An Overthinker’s Guide to Writing for Business
I know the struggle.
You have a cute tiny seed of an idea. But before you can do anything about it, it grows into a baobab. It’s just too big and scary to deal with.
No thought that’s born in your head is a single child. It always comes with tens of Or-I-Can siblings and What-If cousins. You try to look after all of them, but they propagate too fast.
Your journey is never a straight one. Every few steps, you find yourself at a crossroad. And the constant decision making is exhausting.
You are an overthinker.
I don’t know how to switch it off for good, but here are a few things your hyperactive brain should consider so it can stop ruining your writing. Because overthinking rarely makes your writing better.
Overthinking your writing? Here's how to stop messing around and share the work that matters. Click To Tweet
Too much time will kill you
The more time your brain has, the longer it can feed your fear. Here’s how it works:
The trick is to hit publish before the fear is bigger than you. How?
★ Set short deadlines.
★ Schedule short writing sessions. Take breaks.
★ Have a clear objective for each of the sessions, and don’t switch between tasks: generating ideas, outlining, research, writing, editing, and so on.
★ Don’t participate on feeding your fear (see the next point).
Let your fear starve
Here’s what the fear likes to eat:
★ Comparison. Whenever you look around yourself and compare yourself to others, you fear flourishes.
★ Stories. The ones your inner critic likes to tell you: Not-good-enough reports, memories of your past failures, tragic scenarios, everyone-hates-me narratives, and all the others. Don’t listen to that BS. Most of it is made up, anyway.
★ Advice. The more you learn, the more stupid you feel. Learning and reading about writing is good, but only when you write more than you study writing.
★ Waiting. You: “I’ll sleep on it.” “I still need to do a bit of a research.” “Tomorrow is another day.” Your fear: “Yessss!”
Don’t feed your fear; it will grow and once it’s bigger than you, it will eat you. The only way to take control of its growth is to do the thing anyway and do it now.
Simplify: Answer this question (and nothing else)
Once you start writing, even the simplest idea turns out to be… more complex than you thought. There’s always more to learn about it, more to add to it, and oh, you must also include this.
Curiosity is your friend, but you have to set boundaries. Here’s how: Before you start writing, ask yourself: What does the reader need to be able to do after they read it?
This way, you’ll narrow down your focus. You’ll go from what else you can add to what the reader needs and from everything you know to everything the reader needs to know.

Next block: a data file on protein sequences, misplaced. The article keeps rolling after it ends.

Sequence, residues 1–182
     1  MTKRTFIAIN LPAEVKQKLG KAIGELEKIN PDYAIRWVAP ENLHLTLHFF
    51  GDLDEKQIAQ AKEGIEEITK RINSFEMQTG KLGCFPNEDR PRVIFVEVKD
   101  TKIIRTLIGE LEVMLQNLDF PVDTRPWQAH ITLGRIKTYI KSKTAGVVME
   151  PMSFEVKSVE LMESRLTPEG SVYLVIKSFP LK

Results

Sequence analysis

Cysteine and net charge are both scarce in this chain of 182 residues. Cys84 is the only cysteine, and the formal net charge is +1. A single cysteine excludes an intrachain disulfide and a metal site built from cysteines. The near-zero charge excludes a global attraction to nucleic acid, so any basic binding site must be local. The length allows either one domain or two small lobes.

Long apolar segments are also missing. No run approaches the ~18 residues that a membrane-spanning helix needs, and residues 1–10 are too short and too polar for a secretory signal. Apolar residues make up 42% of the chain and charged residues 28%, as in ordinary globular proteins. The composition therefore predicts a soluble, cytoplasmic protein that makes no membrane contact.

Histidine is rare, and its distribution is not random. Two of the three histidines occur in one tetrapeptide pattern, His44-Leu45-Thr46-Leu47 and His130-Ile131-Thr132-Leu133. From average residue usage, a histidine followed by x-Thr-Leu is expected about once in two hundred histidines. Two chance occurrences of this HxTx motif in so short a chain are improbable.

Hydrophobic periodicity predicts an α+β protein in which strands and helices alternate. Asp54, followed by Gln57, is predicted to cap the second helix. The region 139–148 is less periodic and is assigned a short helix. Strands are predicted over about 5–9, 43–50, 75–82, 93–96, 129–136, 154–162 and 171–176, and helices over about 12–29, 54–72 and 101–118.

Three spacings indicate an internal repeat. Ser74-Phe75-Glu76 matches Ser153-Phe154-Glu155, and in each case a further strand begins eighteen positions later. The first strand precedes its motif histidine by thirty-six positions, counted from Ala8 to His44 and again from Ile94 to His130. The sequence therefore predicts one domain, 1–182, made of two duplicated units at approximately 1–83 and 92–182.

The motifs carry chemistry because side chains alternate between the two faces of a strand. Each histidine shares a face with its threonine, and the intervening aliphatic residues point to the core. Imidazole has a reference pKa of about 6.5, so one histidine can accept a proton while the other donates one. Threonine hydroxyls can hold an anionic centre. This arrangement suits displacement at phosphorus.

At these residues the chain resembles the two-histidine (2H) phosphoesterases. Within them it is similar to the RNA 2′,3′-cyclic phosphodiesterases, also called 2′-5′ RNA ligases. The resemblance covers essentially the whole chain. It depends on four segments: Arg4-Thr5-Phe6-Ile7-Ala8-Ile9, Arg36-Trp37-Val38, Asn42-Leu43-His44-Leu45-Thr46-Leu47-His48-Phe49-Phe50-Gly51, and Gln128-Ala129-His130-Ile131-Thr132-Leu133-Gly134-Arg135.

The result? An easy to digest, actionable, entertaining article – as opposed to a tiring, heavy, and overwhelming one.
Your brain doesn’t overthink to make your writing worse or to make your life harder. In fact, it’s trying to help you. It wants your work to be the best it can be. But overthinking doesn’t lead to a better work.
Often, it doesn’t let you finish and ship your work at all. And if you do manage to ship it, it’s not better than it would have been if you had shipped it earlier. In other words, if you let your idea grow in your head, it doesn’t get better.
It gets bigger and scarier – both for you and your readers:
When you overthink your writing, it’s not helpful anymore. So, whenever your brain starts being too helpful, just stop it. Simply acknowledge that (a) you are overthinking and (b) it doesn’t help you do a better job.
This can help you break the overthinking loop.
Overthinking doesn't make your writing better. It makes it scarier.Click To Tweet
Shift your focus to helping people
Overthinking lives in the same part of your brain as perfectionism or fear of self-promotion. All of these demons like to hide behind good intentions, but in fact, they sabotage your work and keep you from helping people who need you.
When your main mission isn’t to be perfect, impress your competitors, please everyone, or show off your expertise, but to share the work that helps people live better lives, you won’t have to worry that much.
In the online business world, it’s too easy to fall into the trap of believing that your work has to be epic, or it’s not worth sharing at all. This “epicness” is measured mostly by quantity: 5k-word blog posts with free content upgrades, 57-module online courses with 295-page workbooks, summits featuring 61 experts on the topic.
But is overdelivering always a good thing?
Is all the free content helping people, or adding to their overwhelm?
What’s the completion rate of the “epic” mega-course?
Most importantly: What did the people who consumed all the content do with it? How did their lives get better? Where are they now?
What if we, online teachers and coaches, quit being epic and started being helpful again?
Instead of making our clients say, “OMG, I can’t believe you’re sharing all of this for free!” or “Wow, this is the biggest course I’ve ever seen in my entire life!” make them say: “Look, I implemented this one tip and this is what I’ve created,” or “I did this and I’m so proud of myself.” Whatever – as long as it’s about them and their lives, not about us.
We can still be epic sometimes. But most of the time, enough is enough.
It’s time to find the courage…
★ To ask yourself “How can I simplify this?” instead of “What else can I add?”
★ To let your readers, students, and coaching clients do most of the work — without feeling lazy. Because the one who does the work is the one who learns.
★ To stop glorifying epicness and get back to your job: Sharing the work that matters.
✯ Do you agree? Please share the article on your favorite social media. Thank you!